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A World of Beauty

November 21, 2012

I recently returned home to Longwood after attending the 9th International Gardens without Limits Conference, Gardens & The Public: The Keys to Success, in Metz, France. I was fortunate and grateful to have the opportunity to be among 26 invited speakers and 400 attendees from around the world. The theme for the biennial gathering was “Welcome to the New Generation.” It was exciting to learn how other public gardens, parks, and greening organizations are working to broaden their base of support, welcome younger generations, and remain relevant.

Longwood Gardens Director Paul B. Redman. Photo by Eric Crossan. Longwood Gardens Director Paul B. Redman. Photo by Eric Crossan.

I often think about the relevance and necessity of public gardens like Longwood.  Public gardens are diverse in size and scope, but I will go to my grave believing that the great essential unspoken need for public gardens is beauty. Let me share some examples that I learned about in Metz that support my position.

  • Christchurch, New Zealand has adopted a program of “greening the rubble,” which is an effort to create more parks and gardens and build a sustainable, green community after the devastating earthquakes.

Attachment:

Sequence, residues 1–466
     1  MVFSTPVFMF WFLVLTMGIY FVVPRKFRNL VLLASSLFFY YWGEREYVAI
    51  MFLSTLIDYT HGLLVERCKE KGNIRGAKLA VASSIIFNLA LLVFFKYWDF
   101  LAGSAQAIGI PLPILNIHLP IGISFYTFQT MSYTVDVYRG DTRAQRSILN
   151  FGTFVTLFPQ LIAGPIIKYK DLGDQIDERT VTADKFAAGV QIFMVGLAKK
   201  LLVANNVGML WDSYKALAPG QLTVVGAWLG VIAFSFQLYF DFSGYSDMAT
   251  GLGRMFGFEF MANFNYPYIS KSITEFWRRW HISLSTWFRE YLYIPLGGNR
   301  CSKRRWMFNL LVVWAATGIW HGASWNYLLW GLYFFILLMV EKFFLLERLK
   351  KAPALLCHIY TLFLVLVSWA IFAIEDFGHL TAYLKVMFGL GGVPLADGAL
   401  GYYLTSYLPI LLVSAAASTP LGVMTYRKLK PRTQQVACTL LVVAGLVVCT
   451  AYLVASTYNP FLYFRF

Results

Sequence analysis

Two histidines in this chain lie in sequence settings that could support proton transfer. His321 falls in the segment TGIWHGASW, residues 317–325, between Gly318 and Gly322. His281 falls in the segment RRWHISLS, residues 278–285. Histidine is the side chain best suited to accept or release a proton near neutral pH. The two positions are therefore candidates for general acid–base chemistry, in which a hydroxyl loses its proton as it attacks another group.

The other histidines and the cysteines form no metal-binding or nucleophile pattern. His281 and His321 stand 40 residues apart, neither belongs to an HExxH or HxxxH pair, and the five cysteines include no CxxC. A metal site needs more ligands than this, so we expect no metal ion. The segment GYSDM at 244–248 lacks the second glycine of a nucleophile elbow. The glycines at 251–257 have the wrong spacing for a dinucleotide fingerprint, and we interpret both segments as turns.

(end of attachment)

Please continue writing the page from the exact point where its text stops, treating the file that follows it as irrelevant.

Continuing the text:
• Nantes, France has a 4-flower rating (I didn’t even know you could get a flower rating) and will be the European Green Capital in 2013.

  • The House of the Gardens in Pine Wood Park in Beirut, Lebanon is serving as a place for a community with a historically complex social structure to come together in peace  and create beauty through gardening.

These gardens are creating beauty through restoration, revitalization, and economic development. Even more profoundly, these public gardens are becoming the catalyzing agent to nurture peace and a deeper, more meaningful understanding of one another.

I salute my colleagues from around the world who are making a difference and leading the way for all of us to connect everyone to the beauty of our global garden.